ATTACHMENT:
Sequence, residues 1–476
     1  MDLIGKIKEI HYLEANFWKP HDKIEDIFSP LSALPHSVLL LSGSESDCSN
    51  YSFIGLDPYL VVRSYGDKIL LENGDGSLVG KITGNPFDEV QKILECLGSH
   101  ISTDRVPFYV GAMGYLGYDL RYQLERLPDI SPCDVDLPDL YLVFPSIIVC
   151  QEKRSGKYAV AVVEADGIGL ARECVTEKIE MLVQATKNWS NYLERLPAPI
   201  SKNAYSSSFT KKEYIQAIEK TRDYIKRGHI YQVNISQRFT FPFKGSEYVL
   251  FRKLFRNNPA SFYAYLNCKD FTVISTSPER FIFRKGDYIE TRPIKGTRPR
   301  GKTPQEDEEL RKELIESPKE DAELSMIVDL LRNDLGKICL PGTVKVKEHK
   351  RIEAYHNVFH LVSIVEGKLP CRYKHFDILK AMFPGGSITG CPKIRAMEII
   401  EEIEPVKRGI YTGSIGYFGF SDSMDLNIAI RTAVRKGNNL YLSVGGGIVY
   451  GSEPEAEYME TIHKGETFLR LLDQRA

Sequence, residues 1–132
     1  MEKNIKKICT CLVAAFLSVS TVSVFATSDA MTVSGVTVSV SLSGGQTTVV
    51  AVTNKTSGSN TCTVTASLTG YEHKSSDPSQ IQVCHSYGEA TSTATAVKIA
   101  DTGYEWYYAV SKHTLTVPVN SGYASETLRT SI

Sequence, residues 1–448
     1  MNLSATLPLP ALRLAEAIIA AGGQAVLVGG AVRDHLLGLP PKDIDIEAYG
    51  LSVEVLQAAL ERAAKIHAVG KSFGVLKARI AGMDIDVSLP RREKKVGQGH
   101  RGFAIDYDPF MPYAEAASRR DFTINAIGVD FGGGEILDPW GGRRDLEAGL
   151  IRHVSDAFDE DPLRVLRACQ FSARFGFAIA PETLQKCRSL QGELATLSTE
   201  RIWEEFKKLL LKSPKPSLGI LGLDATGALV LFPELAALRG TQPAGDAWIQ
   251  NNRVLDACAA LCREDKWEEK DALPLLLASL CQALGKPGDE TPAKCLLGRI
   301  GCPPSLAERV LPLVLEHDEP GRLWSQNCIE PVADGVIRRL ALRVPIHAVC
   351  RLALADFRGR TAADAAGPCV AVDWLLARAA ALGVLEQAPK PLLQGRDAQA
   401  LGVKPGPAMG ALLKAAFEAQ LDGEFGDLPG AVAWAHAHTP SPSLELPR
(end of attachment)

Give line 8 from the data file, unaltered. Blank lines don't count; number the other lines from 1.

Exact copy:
   301  GKTPQEDEEL RKELIESPKE DAELSMIVDL LRNDLGKICL PGTVKVKEHK